2012 Khyber Agency bombing
|2012 Khyber Agency bombing|
Map of the Federally Administered Tribal Areas. The Khyber Agency is located in the north (in light yellow). Click to enlarge
|Location||Jamrud, Khyber Agency, FATA, Pakistan|
|Date||10 January 2012|
The 2012 Khyber Agency bombing occurred on 10 January 2012, when a bomb exploded near a petrol pump in the town of Jamrud near the Afghan border in Khyber Agency of the Federally Administered Tribal Areas (FATA) of Pakistan. The bombing killed at least 30 people while 78 others were injured.
The Khyber Agency market bombing was recorded to be the first major terrorist attack in the country since September 2011 when a Taliban suicide bomber had killed 46 people at a funeral in Lower Dir, targeting anti-Taliban militia members. Khyber Agency has experienced heavy conflict due to constant cross-border movement of militants connected to the War in Afghanistan. It used to serve as the main NATO supply route to Afghanistan until the closure of all supply lines by Pakistan in the wake of a NATO-led attack on Pakistani military checkposts which resulted in the death of 24 Pakistani soldiers.
According to official sources, the bomb was triggered by a remote-controlled device and had been planted beforehand in a passenger pick-up van at a fuel station in the town near a vegetable market (bazaar). A local government administrator said the incident may have been a reaction to a successful military operation underway in Khyber Agency against insurgents and that the possible target of the attack may have been people of the Zakhakhel tribe who had formed a lashkar (armed militia) against Tehrik-i-Taliban militants. The bombing had hallmarks similar to earlier attacks carried out by insurgent groups.
The injured were transported by ambulances to the Hayatabad Medical Complex, Khyber Teaching Hospital and Lady Reading Hospital in Peshawar. The area was closed and cordoned by security agencies for investigation following the explosion. Funeral prayers were held for the dead soon after the attack. A compensation of Rs. 1,00,000 was announced by authorities for heirs of the deceased victims and Rs. 25,000 for those who were injured.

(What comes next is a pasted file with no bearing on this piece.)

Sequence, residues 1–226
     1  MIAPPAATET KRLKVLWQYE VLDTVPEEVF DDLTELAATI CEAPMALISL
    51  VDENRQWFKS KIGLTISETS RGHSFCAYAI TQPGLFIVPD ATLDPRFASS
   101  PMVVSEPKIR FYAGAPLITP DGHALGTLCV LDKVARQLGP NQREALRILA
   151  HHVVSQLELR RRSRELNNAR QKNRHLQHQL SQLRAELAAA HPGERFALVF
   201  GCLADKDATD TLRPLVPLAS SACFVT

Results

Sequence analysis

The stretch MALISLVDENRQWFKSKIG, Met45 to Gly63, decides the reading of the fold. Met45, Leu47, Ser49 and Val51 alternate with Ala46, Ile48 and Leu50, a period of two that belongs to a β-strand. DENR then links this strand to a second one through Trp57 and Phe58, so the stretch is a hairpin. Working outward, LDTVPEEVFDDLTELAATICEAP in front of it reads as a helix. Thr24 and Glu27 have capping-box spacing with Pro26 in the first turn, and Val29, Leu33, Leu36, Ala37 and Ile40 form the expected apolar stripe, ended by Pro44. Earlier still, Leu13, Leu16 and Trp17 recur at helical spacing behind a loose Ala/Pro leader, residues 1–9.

A Taliban spokesman speaking via telephone from an undisclosed location denied that the Taliban had a role in the attack. Taliban spokesperson Ehsanullah Ehsan also disowned the attack in an email sent to the media. Local residents claimed that the nature of the bombing suggested that it was related more to a tribal dispute, since most of the victims of the blast were members of a tribe who opposed the notorious local warlord Mangal Bagh.
- President Asif Ali Zardari and Prime Minister Yousaf Raza Gillani condemned the blast and expressed grief over the loss of lives.
- Chief Minister of Khyber Pakhtunkhwa Amir Haider Khan Hoti condemned the incident while Masood Kausar, the Governor of Khyber Pakhtunkhwa, also condemned the blast and called it an inhuman act in which innocent people were targeted. Kausar visited injured victims at a hospital.
- Shahbaz Sharif, the Chief Minister of Punjab gave his condemnations on the attack.
- Imran Khan, leader of the Pakistan Tehreek-e-Insaf (PTI) political party condemned the bombing and criticised the government, stating that the ignorance in maintaining rule of law by the country's leaders created a culture in which "the weak and the underprivileged become victims." He added that if the PTI came into power, it would not spare those who violated law.
- United Nations: UN Secretary-General Ban Ki-moon condemned the bombing and issued his "heartfelt condolences and sympathy to the families of the victims and reiterates the continued solidarity of the United Nations with the people and government of Pakistan in their continuing efforts to confront terrorism and extremism."
- United States: In a statement, U.S. State Department spokesperson Victoria Nuland said the United States condemned the marketplace bombing and offered condolences for the dead victims: "By callously targeting innocent peoples, the extremists who planned and perpetrated this attack are just showing their contempt for the value of human life." The U.S. embassy in Islamabad also released a press statement condemning the blast.
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- Tribal dispute seen behind Jamrud blast
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- Blast in Jamrud claims 35 lives
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